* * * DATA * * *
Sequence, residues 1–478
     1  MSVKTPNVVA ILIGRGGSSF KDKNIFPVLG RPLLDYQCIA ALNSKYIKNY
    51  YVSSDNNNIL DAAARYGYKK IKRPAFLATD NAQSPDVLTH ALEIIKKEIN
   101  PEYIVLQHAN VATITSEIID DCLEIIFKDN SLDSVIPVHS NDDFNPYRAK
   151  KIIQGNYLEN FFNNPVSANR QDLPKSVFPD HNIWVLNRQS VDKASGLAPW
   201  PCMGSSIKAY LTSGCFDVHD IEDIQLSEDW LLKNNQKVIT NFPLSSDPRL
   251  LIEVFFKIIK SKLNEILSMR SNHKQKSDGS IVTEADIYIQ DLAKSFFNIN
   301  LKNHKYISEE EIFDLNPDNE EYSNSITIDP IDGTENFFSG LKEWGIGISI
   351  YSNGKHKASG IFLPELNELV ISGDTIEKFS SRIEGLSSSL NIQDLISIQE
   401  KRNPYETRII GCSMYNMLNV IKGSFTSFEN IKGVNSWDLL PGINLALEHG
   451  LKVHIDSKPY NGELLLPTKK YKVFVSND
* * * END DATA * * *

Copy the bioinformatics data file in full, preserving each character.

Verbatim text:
Sequence, residues 1–478
     1  MSVKTPNVVA ILIGRGGSSF KDKNIFPVLG RPLLDYQCIA ALNSKYIKNY
    51  YVSSDNNNIL DAAARYGYKK IKRPAFLATD NAQSPDVLTH ALEIIKKEIN
   101  PEYIVLQHAN VATITSEIID DCLEIIFKDN SLDSVIPVHS NDDFNPYRAK
   151  KIIQGNYLEN FFNNPVSANR QDLPKSVFPD HNIWVLNRQS VDKASGLAPW
   201  PCMGSSIKAY LTSGCFDVHD IEDIQLSEDW LLKNNQKVIT NFPLSSDPRL
   251  LIEVFFKIIK SKLNEILSMR SNHKQKSDGS IVTEADIYIQ DLAKSFFNIN
   301  LKNHKYISEE EIFDLNPDNE EYSNSITIDP IDGTENFFSG LKEWGIGISI
   351  YSNGKHKASG IFLPELNELV ISGDTIEKFS SRIEGLSSSL NIQDLISIQE
   401  KRNPYETRII GCSMYNMLNV IKGSFTSFEN IKGVNSWDLL PGINLALEHG
   451  LKVHIDSKPY NGELLLPTKK YKVFVSND